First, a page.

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Those of you who are not now practicing commercial mortgage brokers, as they say in the cop shows, "We're done here."  But those of you who are mortgage brokers, we need to have a serious conversation.  Please continue on.

 

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Let's suppose you run across a do-able commercial real estate loan request.  Do you try to broker the deal to a bank that you know, or do you enter the deal into C-Loans.com?  The smart answer is that you do both!

First of all, you get prizes if you enter a bona fide commercial loan into C-Loans.com. You get to choose TWO of the following:  (1) Free regional copy of The Blackburne List containing more than 750 commercial lenders; (2) Free Commercial Mortgage Underwriting Manual (sells for $199); (3) Free commercial mortgage marketing course (the PDF to our $199 audio course); or (4) Free copy of my commercial mortgage broker fee agreement.  Contact Tom Blackburne at 574-210-6686 after you have submitted your deal to six banks to get your prizes.

 

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You get your choice of two of the above, just for entering that commercial loan into C-Loans.com.  And you can still submit the deal as well to your favorite bank.  Our banks will simply compete against your bank.

"But George, I am afraid that someone will steal my lead if I post it on C-Loans."  Then simply disguise the street address and borrower's name with the words, "To be disclosed later."

 

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We still have not gotten to the most important reason for entering your commercial loan into C-Loans.com.  You might actually close the deal!  Oh my gosh, if you can close two commercial loans using C-Loans, your income will skyrocket because we will let you start buying our commercial leads, even if you are otherwise unqualified.

We sell our commercial leads for only $1 to $9 apiece, plus 37.5 bps. when the deal closes.  Its a helluva deal.  The only bad news is that we now require that you have a credit score of at least 700 and a net worth of over $700,00 in order to buy our leads.  Too many dishonest and/or poor mortgage brokers were not notifying and paying us when they closed our deals.  By the way, our own income skyrocketed within three months of imposing these tougher lead-buying standards.

 

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Les Agisim, a mortgage broker not much different from you, has closed 51 commercial loans for C-Loans.  Jason Bengert has closed more than 40 loans for C-Loans, and so has Rick Gnafakis.  Paul Elis of PMB Capital is another big closer and a member of the Over-40 Closings Club.

Do you know why they are closing so many deals?  They started out as lead buyers, and after 5 closings we listed them on C-Loans as a Proven Broker.  Now they don't even have to pay upfront for leads.  The leads arrive daily in their inboxes.  (Advice:  If given a choice between submitting your commercial loan to a sleepy, salaried banker on C-Loans and one of our Proven Brokers, choose the Proven Broker!  They close deals.)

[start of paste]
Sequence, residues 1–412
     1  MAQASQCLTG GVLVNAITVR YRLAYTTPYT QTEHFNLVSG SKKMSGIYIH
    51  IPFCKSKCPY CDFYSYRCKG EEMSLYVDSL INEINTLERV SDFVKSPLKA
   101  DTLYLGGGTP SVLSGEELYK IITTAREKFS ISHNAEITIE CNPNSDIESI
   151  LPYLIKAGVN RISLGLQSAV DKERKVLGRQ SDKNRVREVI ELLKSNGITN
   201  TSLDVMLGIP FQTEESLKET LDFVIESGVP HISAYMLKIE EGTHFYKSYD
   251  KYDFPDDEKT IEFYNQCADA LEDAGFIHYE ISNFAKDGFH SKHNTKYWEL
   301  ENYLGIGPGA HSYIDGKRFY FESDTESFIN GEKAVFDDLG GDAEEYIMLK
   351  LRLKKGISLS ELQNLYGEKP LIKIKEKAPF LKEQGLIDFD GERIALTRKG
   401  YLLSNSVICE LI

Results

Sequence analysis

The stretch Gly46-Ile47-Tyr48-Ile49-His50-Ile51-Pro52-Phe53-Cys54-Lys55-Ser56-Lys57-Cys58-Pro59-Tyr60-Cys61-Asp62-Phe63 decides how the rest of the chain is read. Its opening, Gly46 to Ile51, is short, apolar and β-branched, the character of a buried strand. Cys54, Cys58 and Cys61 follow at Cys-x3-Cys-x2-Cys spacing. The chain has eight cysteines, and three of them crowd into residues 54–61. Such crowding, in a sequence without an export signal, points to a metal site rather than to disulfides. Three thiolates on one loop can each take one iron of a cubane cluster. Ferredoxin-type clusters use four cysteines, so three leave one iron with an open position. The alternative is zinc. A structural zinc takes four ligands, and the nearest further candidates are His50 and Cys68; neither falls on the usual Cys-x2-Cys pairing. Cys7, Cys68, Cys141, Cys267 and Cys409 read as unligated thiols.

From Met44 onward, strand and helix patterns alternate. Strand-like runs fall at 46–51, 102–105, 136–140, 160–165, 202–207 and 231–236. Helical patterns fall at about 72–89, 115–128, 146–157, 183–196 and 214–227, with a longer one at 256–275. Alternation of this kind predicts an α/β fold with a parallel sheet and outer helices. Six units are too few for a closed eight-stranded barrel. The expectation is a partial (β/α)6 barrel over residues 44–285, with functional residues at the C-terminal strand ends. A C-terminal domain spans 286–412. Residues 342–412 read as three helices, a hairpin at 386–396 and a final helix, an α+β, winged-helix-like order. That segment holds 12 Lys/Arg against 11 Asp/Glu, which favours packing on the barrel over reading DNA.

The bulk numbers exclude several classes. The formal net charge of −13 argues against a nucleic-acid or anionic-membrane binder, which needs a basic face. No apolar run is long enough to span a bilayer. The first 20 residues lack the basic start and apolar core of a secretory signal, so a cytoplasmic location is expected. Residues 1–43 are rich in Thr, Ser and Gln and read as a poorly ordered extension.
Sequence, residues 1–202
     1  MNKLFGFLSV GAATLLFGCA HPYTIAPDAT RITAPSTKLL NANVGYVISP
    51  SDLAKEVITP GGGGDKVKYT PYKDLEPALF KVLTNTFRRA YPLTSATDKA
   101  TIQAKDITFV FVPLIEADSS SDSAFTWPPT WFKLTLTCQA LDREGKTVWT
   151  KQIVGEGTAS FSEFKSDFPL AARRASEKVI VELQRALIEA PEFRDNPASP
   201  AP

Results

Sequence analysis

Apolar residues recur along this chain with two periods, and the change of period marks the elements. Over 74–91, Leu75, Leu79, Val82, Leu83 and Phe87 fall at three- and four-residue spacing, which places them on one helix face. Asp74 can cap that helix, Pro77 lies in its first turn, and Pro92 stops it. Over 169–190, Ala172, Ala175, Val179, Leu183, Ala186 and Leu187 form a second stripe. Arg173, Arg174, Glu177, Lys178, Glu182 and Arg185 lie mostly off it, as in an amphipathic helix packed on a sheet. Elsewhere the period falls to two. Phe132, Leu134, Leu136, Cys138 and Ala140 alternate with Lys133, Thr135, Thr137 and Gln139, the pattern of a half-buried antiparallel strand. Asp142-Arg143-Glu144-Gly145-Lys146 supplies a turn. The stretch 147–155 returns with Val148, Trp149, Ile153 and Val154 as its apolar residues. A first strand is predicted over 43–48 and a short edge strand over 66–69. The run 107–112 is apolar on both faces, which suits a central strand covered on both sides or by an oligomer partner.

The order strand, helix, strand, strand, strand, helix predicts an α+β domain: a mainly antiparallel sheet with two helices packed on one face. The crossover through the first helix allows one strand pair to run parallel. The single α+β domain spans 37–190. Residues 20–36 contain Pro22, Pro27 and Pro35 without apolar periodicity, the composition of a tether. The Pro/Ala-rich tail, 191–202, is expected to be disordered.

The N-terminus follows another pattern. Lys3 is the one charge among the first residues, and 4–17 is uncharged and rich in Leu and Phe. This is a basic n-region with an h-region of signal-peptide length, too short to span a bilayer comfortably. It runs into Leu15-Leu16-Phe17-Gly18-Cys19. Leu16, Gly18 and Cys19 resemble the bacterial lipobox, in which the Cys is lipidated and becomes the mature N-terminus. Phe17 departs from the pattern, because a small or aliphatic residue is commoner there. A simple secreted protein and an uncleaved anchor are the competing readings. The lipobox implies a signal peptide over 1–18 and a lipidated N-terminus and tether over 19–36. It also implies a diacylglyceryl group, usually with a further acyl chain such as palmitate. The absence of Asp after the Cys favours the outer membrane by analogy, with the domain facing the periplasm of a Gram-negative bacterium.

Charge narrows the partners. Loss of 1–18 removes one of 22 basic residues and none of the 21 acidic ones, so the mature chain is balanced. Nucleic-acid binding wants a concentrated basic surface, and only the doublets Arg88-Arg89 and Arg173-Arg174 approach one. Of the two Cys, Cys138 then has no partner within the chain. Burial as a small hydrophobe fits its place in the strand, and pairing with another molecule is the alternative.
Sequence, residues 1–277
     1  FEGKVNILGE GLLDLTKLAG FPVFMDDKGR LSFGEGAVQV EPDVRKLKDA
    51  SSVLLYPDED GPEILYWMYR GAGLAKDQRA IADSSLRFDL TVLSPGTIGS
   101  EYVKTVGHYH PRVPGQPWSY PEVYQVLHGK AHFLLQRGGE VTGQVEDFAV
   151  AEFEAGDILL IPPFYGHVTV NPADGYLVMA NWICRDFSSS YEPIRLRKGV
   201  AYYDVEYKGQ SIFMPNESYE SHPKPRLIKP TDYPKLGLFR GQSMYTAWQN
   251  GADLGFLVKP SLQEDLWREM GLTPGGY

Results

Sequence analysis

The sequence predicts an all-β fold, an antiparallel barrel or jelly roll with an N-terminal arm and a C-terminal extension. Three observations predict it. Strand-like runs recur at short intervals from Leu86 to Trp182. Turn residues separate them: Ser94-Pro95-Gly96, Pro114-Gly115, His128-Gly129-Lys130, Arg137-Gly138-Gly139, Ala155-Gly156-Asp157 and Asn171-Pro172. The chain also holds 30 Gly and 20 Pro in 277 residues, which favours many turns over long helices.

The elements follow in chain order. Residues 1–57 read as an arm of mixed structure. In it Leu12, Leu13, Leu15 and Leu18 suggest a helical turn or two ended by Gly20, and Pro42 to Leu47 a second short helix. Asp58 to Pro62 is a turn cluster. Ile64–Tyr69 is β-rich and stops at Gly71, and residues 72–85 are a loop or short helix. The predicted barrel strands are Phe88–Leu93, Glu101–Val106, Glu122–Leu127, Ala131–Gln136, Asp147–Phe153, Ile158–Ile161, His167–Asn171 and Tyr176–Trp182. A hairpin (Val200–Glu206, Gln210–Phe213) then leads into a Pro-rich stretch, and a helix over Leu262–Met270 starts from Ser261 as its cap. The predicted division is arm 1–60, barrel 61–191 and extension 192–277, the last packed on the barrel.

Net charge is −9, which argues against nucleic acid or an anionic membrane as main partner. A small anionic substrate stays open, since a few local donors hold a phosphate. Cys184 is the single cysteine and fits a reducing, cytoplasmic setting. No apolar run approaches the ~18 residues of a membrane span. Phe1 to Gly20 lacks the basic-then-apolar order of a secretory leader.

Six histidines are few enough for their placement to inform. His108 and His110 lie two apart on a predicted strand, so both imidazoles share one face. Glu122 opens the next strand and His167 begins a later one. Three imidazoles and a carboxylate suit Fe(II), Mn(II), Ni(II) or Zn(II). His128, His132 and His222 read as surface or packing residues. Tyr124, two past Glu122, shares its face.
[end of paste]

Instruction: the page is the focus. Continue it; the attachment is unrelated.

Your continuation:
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So I have a harsh truth:  If you have a commercial loan and fail to enter it into C-Loans.com, its like failing to buy a $1 million lottery ticket when only ten tickets are being sold.  If you could close just two loans using C-Loans, you could start buying leads.  Then, like Sheldon Sontag, you could get listed on C-Loans.  A half-dozen pre-screened commercial leads would appear magically in your email box every day for the next thirty years.  Most people don't realize that we have already been in business for almost forty years, and my two 30+ year-old sons and our executive staff will carry on after I retire.

 

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All of these wonderful things will happen if you simply start entering all of your commercial loans into C-Loans.com.

 

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Topics: commercial mortgage licensing

Commercial Construction Loans and Raising Equity

Posted by George Blackburne on Sat, Jun 9, 2018

Apartment ConstructionNinety percent of all commercial construction loans that are turned down are rejected because the developer lacked sufficient equity in the deal.  In the parlance of commercial real estate finance, he didn't have enough skin in the game.


Need Equity Dollars?

Are you a real estate developer?  Are you trying to build a project right now?  My name is George Blackburne III, and I'm the attorney that owns both C-Loans.com and CommercialMortgage.com.  I also own Blackburne & Sons, the $50 million hard money commercal mortgage company that I founded almost forty years ago.

If you need help raising equity dollars, I am available for consultation at the rate of $375 per hour, with a minimum of only $100.  I consult three times per week at precisely 1:30 p.m. ET on Mondays, Thursdays, and Fridays.  Please call my son, Tom Blackburne, at 574-210-6686 to set up a consultation


 

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Commercial construction loans can be pretty risky.  You have the risk of cost overruns.  About twenty-five years ago I was financing a deal, and the lumber costs soared by 40% in a single week. You have the risk that the workers will go out on strike.  Labor is getting harder and harder to find these days, and I predict that you will see more and more labor slowdowns, as workers demand higher pay.

You also have the political risk that some government employee could put some last minute kibosh on the project.  Think of that poor developer who discovered that he was excavating into an ancient Indian burial ground; or perhaps the City Council increases the parking requirement at the last moment.  Then there is construction risk.  Imagine a crane falling or dropping an expensive beam.